The Director of Clinical Training (DCT) coordinates the program and implements policy decisions made in clinical faculty meetings. In addition to their informal input through conversations with advisors, other faculty members, and the DCT, students have other formal channels of communication with program faculty, by which they can influence policy. Students elect a representative who attends clinical faculty meetings and has the right to place any item of interest to students on the agenda of a meeting. He or she reports to the students regularly, seeks their input on matters to place before the faculty, and meets often with the DCT. In addition, student-faculty committees are formed as necessary to work on various issues of concern to the program. Search committees for new faculty members include student members, for example, and, in recent years, student-faculty task forces have been formed to investigate such matters as admission requirements for APA-approved internships and diversity training. All clinical students have access to the DCT, who serves as an advisor in general matters of clinical training.
Cynthia Erdley, Ph.D. (University of Illinois, 1992). Professor.
Teaching interests: Child and adolescent psychology, social development.
Research interests: Social cognition; children’s peer relationship experiences and psychological adjustment.
**Note to applicants: Dr. Erdley plans to take a new student for the 2014-2015 academic year.
Emily A.P. Haigh (Kent State University, 2009). Assistant Professor.
Teaching interests: Abnormal Psychology; Psychopathology; and Ethics and Professional Issues
Research interests: Cognitive vulnerability to mood disorders, biological correlates of the cognitive model of depression; cognitive vulnerability and protective factors (e.g. negative cognitive content, rumination, decentering); and specifying cognitive processes across mood disorders
**Note to applicants: Dr. Haigh plans to take a new student for the 2014-2015 academic year.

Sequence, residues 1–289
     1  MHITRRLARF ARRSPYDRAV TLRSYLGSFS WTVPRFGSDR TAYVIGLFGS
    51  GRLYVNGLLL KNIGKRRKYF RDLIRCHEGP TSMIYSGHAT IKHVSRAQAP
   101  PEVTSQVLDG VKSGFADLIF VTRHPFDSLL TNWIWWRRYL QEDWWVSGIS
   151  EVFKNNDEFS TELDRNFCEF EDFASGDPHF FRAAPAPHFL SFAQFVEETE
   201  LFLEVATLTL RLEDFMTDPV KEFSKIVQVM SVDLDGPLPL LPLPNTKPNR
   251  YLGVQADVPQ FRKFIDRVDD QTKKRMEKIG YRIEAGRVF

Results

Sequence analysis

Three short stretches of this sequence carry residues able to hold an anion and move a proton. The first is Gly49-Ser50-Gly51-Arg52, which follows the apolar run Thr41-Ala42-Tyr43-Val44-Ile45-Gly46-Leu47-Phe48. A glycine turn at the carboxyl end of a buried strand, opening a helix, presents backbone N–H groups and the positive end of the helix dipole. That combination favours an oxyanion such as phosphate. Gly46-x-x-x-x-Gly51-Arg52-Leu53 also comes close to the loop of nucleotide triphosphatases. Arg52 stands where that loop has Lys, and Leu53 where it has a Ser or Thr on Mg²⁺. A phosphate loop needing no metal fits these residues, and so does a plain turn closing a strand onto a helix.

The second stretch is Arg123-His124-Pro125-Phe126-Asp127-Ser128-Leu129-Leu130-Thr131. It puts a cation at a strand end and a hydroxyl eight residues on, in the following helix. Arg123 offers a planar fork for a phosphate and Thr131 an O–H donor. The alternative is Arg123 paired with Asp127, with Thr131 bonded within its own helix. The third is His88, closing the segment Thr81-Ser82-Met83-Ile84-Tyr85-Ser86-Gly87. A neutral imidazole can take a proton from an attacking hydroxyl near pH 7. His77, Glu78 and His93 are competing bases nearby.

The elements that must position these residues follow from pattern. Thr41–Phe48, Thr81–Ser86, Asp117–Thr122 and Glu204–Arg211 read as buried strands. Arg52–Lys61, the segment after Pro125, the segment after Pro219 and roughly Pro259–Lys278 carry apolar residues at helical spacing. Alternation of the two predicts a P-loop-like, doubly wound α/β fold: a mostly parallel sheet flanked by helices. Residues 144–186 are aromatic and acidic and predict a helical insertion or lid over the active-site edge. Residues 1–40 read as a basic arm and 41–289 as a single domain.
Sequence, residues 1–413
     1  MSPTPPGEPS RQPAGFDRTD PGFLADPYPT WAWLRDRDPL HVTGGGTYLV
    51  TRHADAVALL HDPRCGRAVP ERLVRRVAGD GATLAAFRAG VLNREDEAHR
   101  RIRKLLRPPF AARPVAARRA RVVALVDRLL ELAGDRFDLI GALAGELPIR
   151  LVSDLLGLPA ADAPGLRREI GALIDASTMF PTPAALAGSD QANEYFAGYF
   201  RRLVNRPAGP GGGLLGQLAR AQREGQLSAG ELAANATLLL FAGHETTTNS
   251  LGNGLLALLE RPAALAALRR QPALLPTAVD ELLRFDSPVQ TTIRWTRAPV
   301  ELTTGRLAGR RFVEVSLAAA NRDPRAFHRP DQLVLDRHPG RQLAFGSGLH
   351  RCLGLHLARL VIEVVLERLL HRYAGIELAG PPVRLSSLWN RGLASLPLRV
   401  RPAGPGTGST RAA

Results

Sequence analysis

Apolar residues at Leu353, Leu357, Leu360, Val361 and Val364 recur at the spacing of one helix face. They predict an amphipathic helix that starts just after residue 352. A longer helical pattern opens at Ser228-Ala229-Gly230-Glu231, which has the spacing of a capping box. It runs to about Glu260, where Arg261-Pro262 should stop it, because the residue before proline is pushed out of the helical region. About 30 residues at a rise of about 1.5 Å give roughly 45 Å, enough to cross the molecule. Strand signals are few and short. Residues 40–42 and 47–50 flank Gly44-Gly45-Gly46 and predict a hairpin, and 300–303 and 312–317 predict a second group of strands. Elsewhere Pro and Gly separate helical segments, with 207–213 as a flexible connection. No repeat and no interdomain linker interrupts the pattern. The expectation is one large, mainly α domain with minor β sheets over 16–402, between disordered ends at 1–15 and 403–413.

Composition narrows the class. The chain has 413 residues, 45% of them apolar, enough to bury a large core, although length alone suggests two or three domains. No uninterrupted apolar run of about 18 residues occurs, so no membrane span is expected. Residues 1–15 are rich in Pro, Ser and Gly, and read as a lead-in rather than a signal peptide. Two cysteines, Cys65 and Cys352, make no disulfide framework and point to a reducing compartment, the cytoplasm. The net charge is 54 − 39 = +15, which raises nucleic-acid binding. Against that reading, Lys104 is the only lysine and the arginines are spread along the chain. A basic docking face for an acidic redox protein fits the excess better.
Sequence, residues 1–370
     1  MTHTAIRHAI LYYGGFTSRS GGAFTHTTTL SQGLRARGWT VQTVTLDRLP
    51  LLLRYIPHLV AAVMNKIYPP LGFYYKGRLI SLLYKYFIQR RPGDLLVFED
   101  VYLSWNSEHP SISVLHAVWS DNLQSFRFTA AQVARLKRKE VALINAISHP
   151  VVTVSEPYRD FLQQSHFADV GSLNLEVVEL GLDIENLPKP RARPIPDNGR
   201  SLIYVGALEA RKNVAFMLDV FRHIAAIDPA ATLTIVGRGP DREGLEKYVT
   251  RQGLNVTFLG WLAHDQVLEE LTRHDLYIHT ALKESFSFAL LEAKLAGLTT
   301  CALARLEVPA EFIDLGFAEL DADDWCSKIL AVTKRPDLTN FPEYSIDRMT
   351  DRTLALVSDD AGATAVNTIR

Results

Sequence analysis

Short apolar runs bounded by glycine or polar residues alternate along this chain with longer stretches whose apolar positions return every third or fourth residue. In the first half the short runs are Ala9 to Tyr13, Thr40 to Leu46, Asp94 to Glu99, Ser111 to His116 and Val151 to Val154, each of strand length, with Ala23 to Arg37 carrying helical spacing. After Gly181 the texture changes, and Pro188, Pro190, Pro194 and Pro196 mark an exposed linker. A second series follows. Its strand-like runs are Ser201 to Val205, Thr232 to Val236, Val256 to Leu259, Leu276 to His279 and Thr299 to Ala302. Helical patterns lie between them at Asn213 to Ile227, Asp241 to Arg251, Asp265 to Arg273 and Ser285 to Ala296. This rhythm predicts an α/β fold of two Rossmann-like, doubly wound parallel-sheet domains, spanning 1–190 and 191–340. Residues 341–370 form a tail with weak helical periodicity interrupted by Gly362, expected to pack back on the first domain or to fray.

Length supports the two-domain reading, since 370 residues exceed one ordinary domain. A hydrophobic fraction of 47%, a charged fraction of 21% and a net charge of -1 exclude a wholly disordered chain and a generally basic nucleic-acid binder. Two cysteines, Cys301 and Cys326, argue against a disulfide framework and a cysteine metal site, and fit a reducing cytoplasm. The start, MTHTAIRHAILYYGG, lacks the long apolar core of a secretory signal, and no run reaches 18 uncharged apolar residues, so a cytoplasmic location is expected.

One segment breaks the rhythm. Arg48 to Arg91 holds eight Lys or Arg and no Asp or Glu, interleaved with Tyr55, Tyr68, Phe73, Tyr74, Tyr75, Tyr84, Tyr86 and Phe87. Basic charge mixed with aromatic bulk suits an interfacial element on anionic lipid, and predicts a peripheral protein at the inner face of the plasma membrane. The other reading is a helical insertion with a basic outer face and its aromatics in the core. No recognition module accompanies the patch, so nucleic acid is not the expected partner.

Douglas W. Nangle, Ph.D. (West Virginia University, 1993). Professor, Director of Clinical Training, and Director of the ADHD Clinic.
Teaching interests: Abnormal psychology, child psychopathology, clinical assessment, child and adolescent psychotherapy.
Research interests: Child and adolescent peer relations; close relationships and psychological adjustment; and social skills assessment and intervention.
**Note to applicants: Dr. Nangle plans to take a new student for the 2014-2015 academic year.
Sandra T. Sigmon, Ph.D. (University of North Carolina-Greensboro, 1989). Professor.
Teaching interests: Abnormal psychology; psychopathology; and health psychology.
Research interests: Predisposing factors for seasonal and nonseasonal depression; cyclical effects on mood and behavior; women’s physical and mental health; and endocrinological factors in panic disorder and fibromyalgia.
**Note to applicants: Dr. Sigmon plans to take a new student for the 2014-2015 academic year.
K. Lira Yoon, Ph.D. (Northwestern University, 2006). Assistant Professor.
Teaching interests: Abnormal psychology, adult psychopathology, statistics.
Research interests: Cognitive processes in anxiety and depression; emotion regulation; risk factors for anxiety and depression; comorbidity.
**Note to applicants: Dr. Yoon plans to take a new student for the 2014-2015 academic year.
Geoffrey L. Thorpe, Ph.D., ABPP (Rutgers University, 1973). Professor Emeritus.
Teaching interests: Senior Seminar in Forensic Psychology (undergraduate); Tests and Measurements (undergraduate); Ethics and Professional Problems (graduate).
Research interests: development of surveys related to (1) cognitive therapy and (2) forensic clinical psychology.
**Note to applicants: Dr. Thorpe is no longer accepting students.
April O’Grady, Ph.D. (University of Maine, 2002). Director of Psychological Services Center